When we do a 360 capture of a structure it becomes instantly portable. Anyone, anywhere can experience a project as if they were there. We call this a portfolio in the pocket. All you need is a decent smartphone and some fancy folded cardboard.
Image of Foster + Partners’ British Museum addition by The Third Fate
In a Guardian piece last week, Olly Wainwright revealed the afterlives of many of the preceding 15 Serpentine Pavilions. Most are in the hands of private collectors though the first, by Zaha Hadid, is in the hands of wedding guests and fancy dress ball goers as a dilapidated theme park sideshow.
We approached the Serpentine late last year with an idea. We asked: After 15 years and 15 pavilions, what if the question were not so much who’s next, but rather what’s next? How could we create new experiences around the pavilion?
We proposed to capture this year’s Serpentine Pavilion by SalgasCano – which opened to the public today – as an immersive experience; when the pavilion would move on to its next life, its unique spirit would float around the world, as a ghost. The pavilion might pop up at the PS1 courtyard in New York next year or at Ibirapuera Park in Sāo Paulo the following year. Each year we would capture the new pavilion and set it roaming as a virtual experience, until there would be virtual pavilions all over the globe.
As Serpentine Director Julia Peyton-Jone says in the Guardian article: “We like to think the pavilions explore this idea of temporariness and permanence, with each building having an ongoing afterlife in a very different way.”
For now the only way to see many of the old pavilions is by trespassing on private property (not recommended) or throwing a fancy dress ball (also not recommended).
Image of Sou Fujimoto’s 2013 Serpentine Pavilion by Laurance Mackman, CC BY 2.0 via Flickr
It was probably inevitable that we’d eventually be featured on NPR’s All Things Considered given the title of the radio program. We just didn’t expect it to be so soon.
The segment aired on June 1 as part of All Tech Considered and was called Tech Startup Harnesses Virtual Reality For Use in Architecture. You can listen to it here. It was part of a larger segment that begins here if you want to listen to the whole thing.
Though we’re described as a tech startup, it’s probably better to think of us as a design studio or creative agency that leverages emerging technologies to tell immersive stories and create immersive experiences. We wrote in a previous post how we’re tech agnostic, leveraging whatever technologies best serve to generate the desired experience.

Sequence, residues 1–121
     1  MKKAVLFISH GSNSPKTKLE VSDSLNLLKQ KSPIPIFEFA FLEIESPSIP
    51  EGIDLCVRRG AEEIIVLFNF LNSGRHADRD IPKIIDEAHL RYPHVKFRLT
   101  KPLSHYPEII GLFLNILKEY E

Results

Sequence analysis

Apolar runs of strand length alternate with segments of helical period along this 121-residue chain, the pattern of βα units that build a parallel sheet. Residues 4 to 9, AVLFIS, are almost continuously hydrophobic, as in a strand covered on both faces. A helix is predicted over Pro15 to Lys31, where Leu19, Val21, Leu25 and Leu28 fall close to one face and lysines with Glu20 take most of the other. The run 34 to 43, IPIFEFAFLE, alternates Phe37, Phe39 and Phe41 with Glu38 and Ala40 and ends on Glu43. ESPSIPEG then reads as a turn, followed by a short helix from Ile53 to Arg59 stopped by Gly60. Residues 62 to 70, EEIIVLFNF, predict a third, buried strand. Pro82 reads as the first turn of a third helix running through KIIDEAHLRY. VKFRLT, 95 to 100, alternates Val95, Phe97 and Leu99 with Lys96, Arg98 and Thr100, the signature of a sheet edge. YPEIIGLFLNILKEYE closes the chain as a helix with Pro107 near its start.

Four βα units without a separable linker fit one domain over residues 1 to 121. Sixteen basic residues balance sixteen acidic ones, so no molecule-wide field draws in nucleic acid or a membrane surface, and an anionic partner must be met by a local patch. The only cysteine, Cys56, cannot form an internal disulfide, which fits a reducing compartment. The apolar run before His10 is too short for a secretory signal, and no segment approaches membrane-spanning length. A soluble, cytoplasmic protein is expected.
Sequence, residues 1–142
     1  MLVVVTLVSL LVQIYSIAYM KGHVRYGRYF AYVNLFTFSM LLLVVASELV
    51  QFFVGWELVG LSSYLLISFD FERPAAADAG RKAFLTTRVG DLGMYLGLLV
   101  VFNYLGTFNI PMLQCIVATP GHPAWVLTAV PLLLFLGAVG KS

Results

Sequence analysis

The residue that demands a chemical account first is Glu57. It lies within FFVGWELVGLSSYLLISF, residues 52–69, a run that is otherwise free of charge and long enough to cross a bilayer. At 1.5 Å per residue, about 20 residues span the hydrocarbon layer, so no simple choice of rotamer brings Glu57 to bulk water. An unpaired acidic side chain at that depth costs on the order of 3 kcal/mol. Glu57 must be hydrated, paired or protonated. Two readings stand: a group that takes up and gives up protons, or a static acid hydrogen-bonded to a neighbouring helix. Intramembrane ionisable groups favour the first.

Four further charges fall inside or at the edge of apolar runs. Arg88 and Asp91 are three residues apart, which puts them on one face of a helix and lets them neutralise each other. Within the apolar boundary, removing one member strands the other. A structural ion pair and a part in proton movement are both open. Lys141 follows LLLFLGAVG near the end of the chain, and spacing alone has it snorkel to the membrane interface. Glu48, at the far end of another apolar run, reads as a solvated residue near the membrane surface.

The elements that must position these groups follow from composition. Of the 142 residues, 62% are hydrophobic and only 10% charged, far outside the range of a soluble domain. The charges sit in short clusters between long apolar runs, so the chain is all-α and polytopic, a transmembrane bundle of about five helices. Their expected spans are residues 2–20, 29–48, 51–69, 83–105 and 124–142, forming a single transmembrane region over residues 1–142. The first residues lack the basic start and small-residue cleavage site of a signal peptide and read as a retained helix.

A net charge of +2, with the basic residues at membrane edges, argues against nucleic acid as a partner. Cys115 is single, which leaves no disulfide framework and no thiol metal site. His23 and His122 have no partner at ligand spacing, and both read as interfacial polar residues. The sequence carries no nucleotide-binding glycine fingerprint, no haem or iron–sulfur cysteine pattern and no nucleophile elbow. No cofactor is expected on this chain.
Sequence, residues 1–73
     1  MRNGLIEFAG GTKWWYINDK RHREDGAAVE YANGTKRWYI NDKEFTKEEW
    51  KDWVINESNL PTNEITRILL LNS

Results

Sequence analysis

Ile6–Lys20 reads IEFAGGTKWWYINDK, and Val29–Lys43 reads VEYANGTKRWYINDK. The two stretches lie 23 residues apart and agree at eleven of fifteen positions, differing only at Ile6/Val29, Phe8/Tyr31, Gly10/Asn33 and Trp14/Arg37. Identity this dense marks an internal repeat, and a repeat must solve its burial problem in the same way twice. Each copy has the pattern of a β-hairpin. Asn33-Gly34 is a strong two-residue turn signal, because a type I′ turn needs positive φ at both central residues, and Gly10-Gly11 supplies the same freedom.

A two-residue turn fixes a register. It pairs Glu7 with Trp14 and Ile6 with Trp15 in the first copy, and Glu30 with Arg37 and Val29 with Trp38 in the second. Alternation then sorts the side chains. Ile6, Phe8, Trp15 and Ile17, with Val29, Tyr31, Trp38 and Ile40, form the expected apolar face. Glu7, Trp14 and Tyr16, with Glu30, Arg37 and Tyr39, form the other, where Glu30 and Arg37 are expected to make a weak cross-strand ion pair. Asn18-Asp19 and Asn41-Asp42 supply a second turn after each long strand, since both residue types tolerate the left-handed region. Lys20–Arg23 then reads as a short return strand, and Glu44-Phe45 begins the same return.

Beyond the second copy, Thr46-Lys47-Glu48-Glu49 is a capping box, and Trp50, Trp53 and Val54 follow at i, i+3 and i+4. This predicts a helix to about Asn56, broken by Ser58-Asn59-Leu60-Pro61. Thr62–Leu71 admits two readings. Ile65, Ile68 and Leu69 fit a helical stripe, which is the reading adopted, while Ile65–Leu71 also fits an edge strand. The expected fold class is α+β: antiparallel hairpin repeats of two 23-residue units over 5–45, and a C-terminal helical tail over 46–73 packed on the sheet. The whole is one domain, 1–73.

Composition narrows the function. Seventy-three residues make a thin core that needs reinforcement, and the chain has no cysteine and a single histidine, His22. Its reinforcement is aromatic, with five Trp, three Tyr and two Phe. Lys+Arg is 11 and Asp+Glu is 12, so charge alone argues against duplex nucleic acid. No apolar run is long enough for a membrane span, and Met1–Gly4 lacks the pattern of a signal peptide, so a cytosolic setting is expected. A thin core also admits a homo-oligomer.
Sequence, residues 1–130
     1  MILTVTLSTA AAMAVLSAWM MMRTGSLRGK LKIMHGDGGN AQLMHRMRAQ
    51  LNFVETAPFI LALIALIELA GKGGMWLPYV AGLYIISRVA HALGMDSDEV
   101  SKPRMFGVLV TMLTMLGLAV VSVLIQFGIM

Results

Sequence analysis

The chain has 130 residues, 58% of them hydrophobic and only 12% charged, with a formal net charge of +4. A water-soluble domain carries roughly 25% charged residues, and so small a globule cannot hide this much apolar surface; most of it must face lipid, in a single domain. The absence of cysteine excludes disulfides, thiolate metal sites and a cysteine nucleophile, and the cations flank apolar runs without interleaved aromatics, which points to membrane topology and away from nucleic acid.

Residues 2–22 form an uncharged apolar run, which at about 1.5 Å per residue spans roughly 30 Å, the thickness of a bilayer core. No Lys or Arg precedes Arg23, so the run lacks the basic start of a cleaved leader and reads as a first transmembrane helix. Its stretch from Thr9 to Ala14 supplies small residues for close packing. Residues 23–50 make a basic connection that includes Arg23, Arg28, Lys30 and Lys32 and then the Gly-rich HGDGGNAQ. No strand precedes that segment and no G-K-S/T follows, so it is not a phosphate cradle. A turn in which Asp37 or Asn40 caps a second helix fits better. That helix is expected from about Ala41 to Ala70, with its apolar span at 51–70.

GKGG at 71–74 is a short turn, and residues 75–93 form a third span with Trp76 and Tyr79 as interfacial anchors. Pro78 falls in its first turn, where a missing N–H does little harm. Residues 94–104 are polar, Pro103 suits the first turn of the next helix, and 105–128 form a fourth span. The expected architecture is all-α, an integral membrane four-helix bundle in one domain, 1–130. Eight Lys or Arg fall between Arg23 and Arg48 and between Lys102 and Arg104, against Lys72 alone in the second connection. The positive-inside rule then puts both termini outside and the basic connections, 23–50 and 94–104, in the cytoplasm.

Still, nice to be considered.
Image of NPR Headquarters in Washington DC by Ted Eytan, CC BY-SA 2.0 via Wikimedia Commons
Or, rather: tech in specific is dead; long live tech in general.
Erik Brynjolfsson and Andrew McAfee at MIT’s Center for Digital Business suggest that we’re in a race against the machine; we’ve crossed a threshold into a new paradigm where technology is expanding exponentially.
The pace of change is so fast now that technology can be outdated in a matter of months (sometimes weeks) rather than years. This speeding up means that while technology is becoming more relevant in general, specific technologies are becoming less so. And the more specific, the less relevant – the iPhone 6 is less relevant than the iPhone in general as it will be replaced by a newer, better iPhone 7 in short order.
We are, in one sense, a tech company as we rely on tech to tell our stories. In another sense, we’re not about tech at all – we’re about content. When we look at people across the world doing interesting experiments with emerging technologies, we find they generally seem to start with the tech and work backward. We work in the opposite direction; we start with the notion of creating really compelling immersive stories and experiences in and about the built environment and work back to the tech, first generally then more specifically.
That’s why we refer to ourselves as technology agnostics. We explore new technologies with a kind of wide-eyed wonder, avoiding easy biases and quick judgements, imagining new storytelling possibilities.
Image of BIG Maze Redux VR experience at the National Building Museum by The Third Fate
The city of Miami recently announced plans to restore its iconic Marine Stadium. The history of this structure is a tale of two stadiums.
Designed by Hilario Candela, and built in 1963, Miami Marine Stadium became a thriving sports and entertainment venue and an embodiment of the idea and the spirit of Miami. For nearly 30 years, people would flock to watch water sports but also concerts and boxing events staged on floating barges. Hurricane Andrew put an end to all that frivolity. The storm violently struck Florida in 1992 and in the aftermath the structure was declared unsafe.